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Bible Dictionaries

Watson's Biblical & Theological Dictionary


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the chief city of Lycaonia, in Asia Minor. An assault being meditated at the place by the unbelieving Jews and Gentiles upon the Apostles Paul and Barnabas, who, by preaching in the synagogue, had converted many Jews and Greeks, they fled to Lystra; where the designs of their enemies were put in execution, and St. Paul miraculously escaped with his life, Acts 14. The church planted at this place by St. Paul continued to flourish, until, by the persecutions of the Saracens, and afterward of the Seljukian Turks, who made it the capital of one of their sultanies, it was neatly extinguished. But some Christians of the Greek and Armenian churches, with a Greek archbishop, are yet found in the suburbs of this city, who are not permitted to reside within the walls. Iconium is now called Cogni, and is still a considerable city; being the capital of the extensive province of Caramania, as it was formerly of Lycaonia, and the seat of a Turkish beglerberg, or viceroy. It is the place of chief strength and importance in the central parts of Asiatic Turkey, being surrounded by a strong wall of four miles in circumference; but, as is the case with most eastern cities, much of the enclosed space is waste. It is situated about a hundred and twenty miles inland from the Mediterranean, on the lake Trogilis. Mr. Kinneir says, Iconium, the capital of Lycaonia, is mentioned by Xenophon, and afterward by Cicero and Strabo; but does not appear to have been a place of any consideration until after the taking of Nice by the crusaders in 1099, when the Seljukian sultans of Roum chose it as their residence. These sultans rebuilt the walls, and embellished the city: they were, however, expelled in 1189 by Frederic Barbarossa, who took it by assault; but after his death they reentered their capital, where they reigned in splendour till the irruption of Tchengis Khan, and his grandson, Holukow, who broke the power of the Seljukians. Iconium, under the name of Cogni, or Konia, has been included in the dominions of the grand seignior ever since the time of Bajazet, who finally extirpated the Ameers of Caramania. The modern city has an imposing appearance from the number and size of its mosques, colleges, and other public buildings; but these stately edifices are crumbling into ruins, while the houses of the inhabitants consist of a mixture of small huts built of sun-dried bricks, and wretched hovels thatched with reeds. The city, according to the same authority, contains about eighty thousand inhabitants, principally Turks, with only a small proportion of Christians. It is represented as enjoying a fine climate, and pleasantly situated among gardens and meadows; while it is nearly surrounded, at some distance, with mountains which rise to the regions of perpetual snow. It was formerly the capital of an extensive government, and the seat of a powerful pasha, who maintained a military force competent to the preservation of peace and order, and the defence of his territories. But it has now dwindled into insignificance, and exhibits upon the whole a mournful scene of desolation and decay.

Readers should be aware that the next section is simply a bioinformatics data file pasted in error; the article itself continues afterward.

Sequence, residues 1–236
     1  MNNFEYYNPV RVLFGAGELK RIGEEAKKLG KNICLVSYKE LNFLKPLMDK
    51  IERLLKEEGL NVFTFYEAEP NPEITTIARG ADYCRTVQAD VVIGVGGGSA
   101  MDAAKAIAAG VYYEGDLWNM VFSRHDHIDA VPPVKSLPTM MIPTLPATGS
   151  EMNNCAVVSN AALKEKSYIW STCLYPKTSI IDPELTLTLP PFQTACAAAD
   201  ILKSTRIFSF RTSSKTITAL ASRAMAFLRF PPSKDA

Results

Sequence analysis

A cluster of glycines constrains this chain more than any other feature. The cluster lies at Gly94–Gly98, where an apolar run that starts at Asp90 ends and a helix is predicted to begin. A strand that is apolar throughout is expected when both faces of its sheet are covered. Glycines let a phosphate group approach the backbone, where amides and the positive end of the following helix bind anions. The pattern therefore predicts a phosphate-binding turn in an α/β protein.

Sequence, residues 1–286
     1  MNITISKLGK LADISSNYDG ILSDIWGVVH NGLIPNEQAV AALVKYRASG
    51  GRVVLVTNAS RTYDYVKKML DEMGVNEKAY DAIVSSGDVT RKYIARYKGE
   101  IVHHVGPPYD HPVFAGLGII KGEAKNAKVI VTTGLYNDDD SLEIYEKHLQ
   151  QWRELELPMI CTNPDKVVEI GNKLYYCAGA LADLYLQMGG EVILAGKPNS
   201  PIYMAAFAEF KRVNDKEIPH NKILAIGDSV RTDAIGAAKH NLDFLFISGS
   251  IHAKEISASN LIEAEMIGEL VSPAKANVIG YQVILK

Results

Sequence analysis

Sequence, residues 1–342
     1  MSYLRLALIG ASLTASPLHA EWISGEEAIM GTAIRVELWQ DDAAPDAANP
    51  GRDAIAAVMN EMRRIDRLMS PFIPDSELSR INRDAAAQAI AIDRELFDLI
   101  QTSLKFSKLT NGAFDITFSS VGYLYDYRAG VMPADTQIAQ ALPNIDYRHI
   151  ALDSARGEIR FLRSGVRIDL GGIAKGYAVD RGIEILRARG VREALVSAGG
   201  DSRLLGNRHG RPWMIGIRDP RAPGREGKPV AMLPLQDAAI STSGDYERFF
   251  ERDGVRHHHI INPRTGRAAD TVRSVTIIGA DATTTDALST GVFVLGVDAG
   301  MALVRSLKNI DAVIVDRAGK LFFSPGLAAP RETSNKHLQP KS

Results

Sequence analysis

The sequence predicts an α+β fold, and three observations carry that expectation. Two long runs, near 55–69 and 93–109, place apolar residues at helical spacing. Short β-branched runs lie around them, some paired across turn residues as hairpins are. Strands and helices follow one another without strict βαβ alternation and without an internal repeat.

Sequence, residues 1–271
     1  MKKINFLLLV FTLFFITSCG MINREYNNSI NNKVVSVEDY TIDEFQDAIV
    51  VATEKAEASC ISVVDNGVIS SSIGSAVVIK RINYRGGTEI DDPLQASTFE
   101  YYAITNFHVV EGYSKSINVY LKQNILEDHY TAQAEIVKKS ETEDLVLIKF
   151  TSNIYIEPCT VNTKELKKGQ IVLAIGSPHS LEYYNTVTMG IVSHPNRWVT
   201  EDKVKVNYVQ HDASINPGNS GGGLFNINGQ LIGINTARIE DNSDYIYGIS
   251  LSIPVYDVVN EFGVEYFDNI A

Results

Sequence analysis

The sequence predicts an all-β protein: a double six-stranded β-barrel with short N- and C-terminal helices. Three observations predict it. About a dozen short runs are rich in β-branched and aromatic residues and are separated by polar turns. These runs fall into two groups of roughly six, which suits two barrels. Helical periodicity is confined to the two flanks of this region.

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Bibliography Information
Watson, Richard. Entry for 'Iconium'. Richard Watson's Biblical & Theological Dictionary. 1831-2.

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